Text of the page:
-“Flexible practices may help society in ways that are not taken into account by either an employer or employee (what economists call “social benefits”). For several reasons it is possible that these social benefits are larger than the private ones. Taxpayers and society as a whole benefit from having productive individuals in the workforce because they are more likely to make contributions in the form of taxes (and conversely are less likely to use the social safety net). As another social benefit, allowing workers to work during atypical hours can reduce the commuting time for other workers that may not be taken into account by a profit-maximizing manager.73 One study found that in 2005, peak-period drivers spent 38 extra hours a year in traffic as a result of highway congestion, up from 14 hours in 1982.74 Moreover, over a third of drivers report that traffic congestion is a serious problem in their community.”

-“Especially at this time as the U.S. rebuilds after the Great Recession, it is critical for the 21st century U.S. workplace to be organized for the 21st century workforce”

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I will follow up with knowledge and studies on workplace flexibility in future posts, but it is heartening to know that high level governments may soon assist with the vital need to support employees with multiple family care demands.

The full Work Life Balance report

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How to Hire the Right Talent

January 19, 2011 Leave a comment
Despite thousands of applicants applying to organizations with job opportunities, businesses today are facing a long-term talent shortage unlike anything experienced over the past several decades. Leading editorials as diverse as The Economist and CNN Money have pointed out that the problem is the shrinkage in highly skilled work force, increasing worldwide demand for highly skilled knowledge workers and globalization of the economy will create difficulty for even the most creative and successful businesses in managing their talent pipeline.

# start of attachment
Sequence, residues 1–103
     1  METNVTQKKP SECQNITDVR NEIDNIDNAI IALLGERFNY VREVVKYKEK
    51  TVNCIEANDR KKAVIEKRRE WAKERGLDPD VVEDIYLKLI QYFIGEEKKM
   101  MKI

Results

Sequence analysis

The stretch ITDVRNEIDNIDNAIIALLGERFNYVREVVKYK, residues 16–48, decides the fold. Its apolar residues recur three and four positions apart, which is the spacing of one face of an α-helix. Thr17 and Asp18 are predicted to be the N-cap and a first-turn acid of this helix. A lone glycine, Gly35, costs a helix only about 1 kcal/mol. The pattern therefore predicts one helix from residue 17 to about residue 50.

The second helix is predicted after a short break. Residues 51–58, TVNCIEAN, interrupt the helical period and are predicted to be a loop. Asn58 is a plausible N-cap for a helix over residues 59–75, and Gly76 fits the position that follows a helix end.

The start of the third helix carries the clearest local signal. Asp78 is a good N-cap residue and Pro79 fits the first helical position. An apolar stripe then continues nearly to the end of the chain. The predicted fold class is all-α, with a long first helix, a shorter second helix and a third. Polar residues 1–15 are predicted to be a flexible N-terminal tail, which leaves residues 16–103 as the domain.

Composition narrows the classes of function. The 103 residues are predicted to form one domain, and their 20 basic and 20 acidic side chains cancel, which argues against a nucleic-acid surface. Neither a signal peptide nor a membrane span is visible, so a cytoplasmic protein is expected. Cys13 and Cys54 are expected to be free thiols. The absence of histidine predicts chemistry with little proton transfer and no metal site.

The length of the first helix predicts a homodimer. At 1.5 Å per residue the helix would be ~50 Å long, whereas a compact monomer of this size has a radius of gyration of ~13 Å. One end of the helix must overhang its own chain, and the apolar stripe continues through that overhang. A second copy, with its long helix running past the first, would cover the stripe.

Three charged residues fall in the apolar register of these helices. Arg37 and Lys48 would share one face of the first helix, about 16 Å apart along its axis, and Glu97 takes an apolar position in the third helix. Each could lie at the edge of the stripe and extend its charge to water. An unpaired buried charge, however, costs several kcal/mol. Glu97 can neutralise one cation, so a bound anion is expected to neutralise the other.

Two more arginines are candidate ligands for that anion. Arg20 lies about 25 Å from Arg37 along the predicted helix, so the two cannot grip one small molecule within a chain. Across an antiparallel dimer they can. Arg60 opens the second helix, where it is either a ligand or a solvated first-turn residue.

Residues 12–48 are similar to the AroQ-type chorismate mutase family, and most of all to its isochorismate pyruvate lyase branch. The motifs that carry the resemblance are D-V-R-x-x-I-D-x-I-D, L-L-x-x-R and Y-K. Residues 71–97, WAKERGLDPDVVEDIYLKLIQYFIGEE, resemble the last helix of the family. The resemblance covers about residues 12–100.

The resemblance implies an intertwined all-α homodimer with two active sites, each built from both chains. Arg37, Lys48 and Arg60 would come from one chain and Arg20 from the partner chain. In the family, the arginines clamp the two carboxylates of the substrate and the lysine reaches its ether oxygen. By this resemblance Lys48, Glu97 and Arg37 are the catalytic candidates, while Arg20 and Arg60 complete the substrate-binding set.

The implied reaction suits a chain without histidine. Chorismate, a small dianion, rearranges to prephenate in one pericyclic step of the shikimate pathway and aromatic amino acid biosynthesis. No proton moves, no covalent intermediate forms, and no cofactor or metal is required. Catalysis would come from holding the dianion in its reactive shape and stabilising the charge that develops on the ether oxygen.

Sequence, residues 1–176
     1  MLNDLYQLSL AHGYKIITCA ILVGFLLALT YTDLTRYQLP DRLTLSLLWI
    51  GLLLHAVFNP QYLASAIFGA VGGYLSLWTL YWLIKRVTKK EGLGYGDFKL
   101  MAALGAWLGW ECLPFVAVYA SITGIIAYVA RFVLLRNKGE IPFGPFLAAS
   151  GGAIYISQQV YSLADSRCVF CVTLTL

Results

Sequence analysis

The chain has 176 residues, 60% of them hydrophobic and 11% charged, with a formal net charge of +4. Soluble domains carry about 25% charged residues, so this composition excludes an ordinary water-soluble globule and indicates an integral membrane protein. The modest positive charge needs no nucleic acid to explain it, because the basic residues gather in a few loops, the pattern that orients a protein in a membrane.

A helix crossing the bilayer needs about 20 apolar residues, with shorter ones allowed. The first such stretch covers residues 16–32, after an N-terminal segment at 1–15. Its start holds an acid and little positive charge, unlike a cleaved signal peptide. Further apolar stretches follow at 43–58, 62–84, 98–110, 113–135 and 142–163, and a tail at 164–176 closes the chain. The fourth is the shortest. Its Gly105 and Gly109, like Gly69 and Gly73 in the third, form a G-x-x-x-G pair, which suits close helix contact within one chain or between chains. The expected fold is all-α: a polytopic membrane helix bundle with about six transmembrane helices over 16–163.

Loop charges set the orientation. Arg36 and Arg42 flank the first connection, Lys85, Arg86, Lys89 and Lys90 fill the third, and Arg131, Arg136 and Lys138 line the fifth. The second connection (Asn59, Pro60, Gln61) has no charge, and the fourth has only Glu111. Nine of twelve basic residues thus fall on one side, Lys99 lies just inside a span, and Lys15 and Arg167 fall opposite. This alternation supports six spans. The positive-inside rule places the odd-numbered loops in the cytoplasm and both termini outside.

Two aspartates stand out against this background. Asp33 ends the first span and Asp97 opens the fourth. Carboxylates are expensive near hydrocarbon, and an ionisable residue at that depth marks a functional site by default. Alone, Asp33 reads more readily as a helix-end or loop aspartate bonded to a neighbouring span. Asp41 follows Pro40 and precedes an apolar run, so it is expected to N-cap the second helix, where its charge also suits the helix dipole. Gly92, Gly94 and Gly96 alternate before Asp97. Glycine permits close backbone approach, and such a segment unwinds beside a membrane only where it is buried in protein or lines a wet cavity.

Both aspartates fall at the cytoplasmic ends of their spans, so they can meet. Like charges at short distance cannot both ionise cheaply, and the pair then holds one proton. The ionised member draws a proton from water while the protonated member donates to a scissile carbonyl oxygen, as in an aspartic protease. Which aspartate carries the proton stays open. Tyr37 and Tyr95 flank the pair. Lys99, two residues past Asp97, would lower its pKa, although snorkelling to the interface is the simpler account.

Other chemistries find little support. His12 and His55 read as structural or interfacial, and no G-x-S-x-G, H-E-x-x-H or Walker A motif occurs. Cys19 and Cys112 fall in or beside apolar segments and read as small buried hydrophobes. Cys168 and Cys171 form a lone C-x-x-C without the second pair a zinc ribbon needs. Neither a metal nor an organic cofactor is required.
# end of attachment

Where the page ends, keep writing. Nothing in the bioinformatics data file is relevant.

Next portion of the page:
[Over the next 10 years… performance metrics must be employed along with the aid of tools and techniques to source and screen talent.]

How do I know I have a problem?

* I have fewer applicants than I’d like showing up at my door
* Resumes never give me the right picture
* I am spending too much time calling each candidate
* I am spending too much time talking to candidates that are not really qualified
* My applicant to hire ratio is very low
* Line organizations constantly differ with the candidates that are shortlisted….

Organizations measuring their recruiters in traditional methods and processes are losing out in the war for talent.]

According to us recruitment has 3 key areas to focus on that every recruiter and recruitment manager need to live by.

1. Attracting talent exhaustively
2. Screen talent systematically
3. Measuring talent for knowledge, skills, abilities, and other factors such as fit.

Recruiters today are being trained to “screen out” applicants, thus making their roles very transactional. Measuring the number of transactions a recruiter could perform in a specific amount of time led to the creation of the most commonly used metrics: Cost-Per-Hire. Many organizations continue to employ these same metrics on today’s recruiter with poor results and low “client” satisfaction….